Categorized | Of Interest

Video intervention inspires men to undergo skin exams

Source: Skin and Allergy News, February 2014, By: MARY ANN MOON

Video interventions on the importance of undergoing clinical skin examinations may increase melanoma discovery rates, according to the results of a randomized clinical trial published online Feb. 19 in JAMA Dermatology.

A total of 870 Australian men aged 50 and older were randomly assigned to receive either a video plus written educational materials (436 men in the intervention group) or only the educational materials (434 men in the control group). Six months later, 35.3% of the intervention group patients reported that they had received a whole-body clinical skin examination from a physician during the interim, compared with 27.2% of the control group, the investigators reported.

Dr. Monika Janda

Dr. Monika Janda
Source: Skin & Allergy News

The video emphasized the seriousness of a melanoma diagnosis, explained risk factors for the disease and stressed the increased risk for men over age 50, modeled a whole-body self-examination, and showed a melanoma surgeon encouraging people to do their own skin exams and to request them from their physicians. The video also demonstrated a clinical skin exam being performed by a physician, and featured a well-known athlete, as well as melanoma survivors, who encouraged men to be screened for skin cancer, according to Monika Janda, Ph.D., of the School of Public Health and Biomedical Innovation, Queensland University of Technology, Brisbane, and her associates.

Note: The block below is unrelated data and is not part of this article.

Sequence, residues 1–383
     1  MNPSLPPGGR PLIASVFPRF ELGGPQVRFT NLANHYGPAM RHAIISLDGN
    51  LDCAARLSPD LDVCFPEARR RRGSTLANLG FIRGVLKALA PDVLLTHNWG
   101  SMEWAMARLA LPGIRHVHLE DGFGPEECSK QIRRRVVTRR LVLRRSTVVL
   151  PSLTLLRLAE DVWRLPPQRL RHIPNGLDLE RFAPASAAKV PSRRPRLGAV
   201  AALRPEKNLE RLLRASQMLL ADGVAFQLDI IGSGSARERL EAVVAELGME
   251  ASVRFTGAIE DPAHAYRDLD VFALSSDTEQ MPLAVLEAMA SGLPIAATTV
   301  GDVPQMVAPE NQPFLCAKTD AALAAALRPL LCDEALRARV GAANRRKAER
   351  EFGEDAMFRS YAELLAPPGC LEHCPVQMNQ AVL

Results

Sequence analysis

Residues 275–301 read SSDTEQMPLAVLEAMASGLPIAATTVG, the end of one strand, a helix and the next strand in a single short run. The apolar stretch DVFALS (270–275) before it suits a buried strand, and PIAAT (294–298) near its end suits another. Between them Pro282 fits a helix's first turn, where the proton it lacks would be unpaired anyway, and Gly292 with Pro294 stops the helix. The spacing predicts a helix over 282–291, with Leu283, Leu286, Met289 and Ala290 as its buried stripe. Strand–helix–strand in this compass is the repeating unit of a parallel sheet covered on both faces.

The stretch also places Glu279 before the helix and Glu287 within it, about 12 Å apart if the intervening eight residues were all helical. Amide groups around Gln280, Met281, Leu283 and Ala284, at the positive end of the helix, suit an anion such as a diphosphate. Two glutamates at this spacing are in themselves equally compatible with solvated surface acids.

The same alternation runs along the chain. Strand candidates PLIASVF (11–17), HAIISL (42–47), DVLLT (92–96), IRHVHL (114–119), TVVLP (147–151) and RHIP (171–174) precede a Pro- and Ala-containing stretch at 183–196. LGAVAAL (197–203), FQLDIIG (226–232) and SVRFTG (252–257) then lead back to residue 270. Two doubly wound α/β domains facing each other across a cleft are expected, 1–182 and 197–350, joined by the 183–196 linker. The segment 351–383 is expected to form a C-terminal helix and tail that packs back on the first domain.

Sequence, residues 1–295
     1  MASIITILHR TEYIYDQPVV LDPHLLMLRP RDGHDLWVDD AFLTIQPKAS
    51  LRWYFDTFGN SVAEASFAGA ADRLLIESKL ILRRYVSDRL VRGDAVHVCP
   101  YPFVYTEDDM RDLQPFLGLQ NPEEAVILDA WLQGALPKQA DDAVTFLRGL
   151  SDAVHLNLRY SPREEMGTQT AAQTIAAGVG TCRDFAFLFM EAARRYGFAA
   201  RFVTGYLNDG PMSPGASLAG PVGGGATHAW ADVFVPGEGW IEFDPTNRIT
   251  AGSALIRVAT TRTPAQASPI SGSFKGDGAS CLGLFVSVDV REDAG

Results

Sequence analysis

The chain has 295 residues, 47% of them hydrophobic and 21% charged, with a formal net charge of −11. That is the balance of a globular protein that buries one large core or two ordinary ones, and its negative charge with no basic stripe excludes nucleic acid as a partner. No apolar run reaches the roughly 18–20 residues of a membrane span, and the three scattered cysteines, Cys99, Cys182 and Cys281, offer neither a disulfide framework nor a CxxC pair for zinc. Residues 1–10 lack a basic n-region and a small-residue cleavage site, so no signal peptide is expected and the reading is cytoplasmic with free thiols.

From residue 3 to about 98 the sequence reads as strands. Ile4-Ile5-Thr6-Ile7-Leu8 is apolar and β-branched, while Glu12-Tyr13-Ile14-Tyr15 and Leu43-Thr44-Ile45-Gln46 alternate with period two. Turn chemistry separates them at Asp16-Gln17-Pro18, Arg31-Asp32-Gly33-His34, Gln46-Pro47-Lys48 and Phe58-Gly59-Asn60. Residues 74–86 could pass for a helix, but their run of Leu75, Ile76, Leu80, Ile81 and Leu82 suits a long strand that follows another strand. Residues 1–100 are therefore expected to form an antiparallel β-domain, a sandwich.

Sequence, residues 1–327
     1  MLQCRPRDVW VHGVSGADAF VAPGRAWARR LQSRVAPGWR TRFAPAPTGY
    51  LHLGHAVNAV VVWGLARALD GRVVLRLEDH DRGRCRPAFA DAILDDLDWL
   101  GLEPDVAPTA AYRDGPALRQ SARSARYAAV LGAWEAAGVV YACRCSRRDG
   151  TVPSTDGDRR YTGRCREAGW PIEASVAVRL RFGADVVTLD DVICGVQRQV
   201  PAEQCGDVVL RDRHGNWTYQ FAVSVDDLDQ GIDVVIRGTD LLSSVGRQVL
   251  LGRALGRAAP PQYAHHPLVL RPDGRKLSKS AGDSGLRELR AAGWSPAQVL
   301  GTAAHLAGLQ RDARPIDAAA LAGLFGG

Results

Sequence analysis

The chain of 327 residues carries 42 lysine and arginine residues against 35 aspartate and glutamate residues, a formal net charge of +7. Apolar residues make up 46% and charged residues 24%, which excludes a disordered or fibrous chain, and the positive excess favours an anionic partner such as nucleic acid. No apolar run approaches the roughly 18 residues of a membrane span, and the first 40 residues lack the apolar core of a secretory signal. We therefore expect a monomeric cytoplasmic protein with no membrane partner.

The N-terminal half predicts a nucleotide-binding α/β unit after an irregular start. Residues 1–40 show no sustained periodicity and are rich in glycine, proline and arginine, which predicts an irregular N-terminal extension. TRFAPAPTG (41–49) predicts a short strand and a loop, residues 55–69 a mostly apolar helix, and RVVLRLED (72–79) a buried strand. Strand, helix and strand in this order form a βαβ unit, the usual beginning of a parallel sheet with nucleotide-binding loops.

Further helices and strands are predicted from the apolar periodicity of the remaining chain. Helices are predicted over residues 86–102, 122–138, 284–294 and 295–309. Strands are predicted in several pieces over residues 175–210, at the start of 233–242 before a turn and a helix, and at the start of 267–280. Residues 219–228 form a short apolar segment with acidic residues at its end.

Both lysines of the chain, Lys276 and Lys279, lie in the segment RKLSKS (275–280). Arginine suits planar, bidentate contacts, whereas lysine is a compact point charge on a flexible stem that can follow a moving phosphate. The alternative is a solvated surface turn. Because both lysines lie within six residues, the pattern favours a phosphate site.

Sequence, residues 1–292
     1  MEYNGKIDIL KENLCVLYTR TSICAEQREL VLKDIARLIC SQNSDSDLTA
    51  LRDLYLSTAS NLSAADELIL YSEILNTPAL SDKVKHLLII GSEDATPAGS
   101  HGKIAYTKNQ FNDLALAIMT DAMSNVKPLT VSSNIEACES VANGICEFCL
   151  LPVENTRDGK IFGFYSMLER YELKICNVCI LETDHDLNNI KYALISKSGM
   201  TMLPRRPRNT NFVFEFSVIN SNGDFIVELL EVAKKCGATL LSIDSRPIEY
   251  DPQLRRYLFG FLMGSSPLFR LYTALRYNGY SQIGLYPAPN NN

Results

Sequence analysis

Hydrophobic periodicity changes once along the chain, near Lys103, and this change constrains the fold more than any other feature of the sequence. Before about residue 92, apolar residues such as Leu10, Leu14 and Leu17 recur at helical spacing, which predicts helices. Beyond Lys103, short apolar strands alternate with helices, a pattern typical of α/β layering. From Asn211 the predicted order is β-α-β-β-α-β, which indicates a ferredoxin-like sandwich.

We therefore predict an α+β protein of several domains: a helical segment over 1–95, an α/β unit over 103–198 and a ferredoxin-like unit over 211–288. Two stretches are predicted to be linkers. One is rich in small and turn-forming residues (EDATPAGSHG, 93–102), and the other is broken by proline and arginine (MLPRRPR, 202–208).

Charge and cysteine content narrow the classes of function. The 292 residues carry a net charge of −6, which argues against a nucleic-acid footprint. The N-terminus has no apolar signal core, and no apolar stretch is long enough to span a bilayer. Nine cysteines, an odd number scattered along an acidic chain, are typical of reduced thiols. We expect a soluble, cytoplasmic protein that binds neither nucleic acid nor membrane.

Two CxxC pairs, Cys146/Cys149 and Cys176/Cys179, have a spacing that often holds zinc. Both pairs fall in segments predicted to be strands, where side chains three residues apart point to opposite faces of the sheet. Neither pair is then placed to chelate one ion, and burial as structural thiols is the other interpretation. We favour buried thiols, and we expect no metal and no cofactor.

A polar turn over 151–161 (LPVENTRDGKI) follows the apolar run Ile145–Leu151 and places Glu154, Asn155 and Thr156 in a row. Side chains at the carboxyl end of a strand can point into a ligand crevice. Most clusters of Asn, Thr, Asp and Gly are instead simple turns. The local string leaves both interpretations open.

Overall, 34.1% of the intervention group underwent surgical excision or biopsy of at least 1 skin lesion, compared with 27.1% of the control group. Of the 130 lesions for which pathology reports were available, 2 were melanomas, 29 were squamous cell carcinomas, 38 were basal cell carcinomas, 17 were solar keratoses, 9 were benign nevi, 3 were dysplatic nevi, and 32 were other lesions. Significantly more skin cancers were detected in the intervention group (60%) than in the control group (40%), suggesting that the video intervention may lead to earlier detection of melanoma and other skin malignancies, Dr. Janda and her associates concluded.

This study was funded by the Australian National Health and Medical Research Committee. No financial conflicts of interest were reported.

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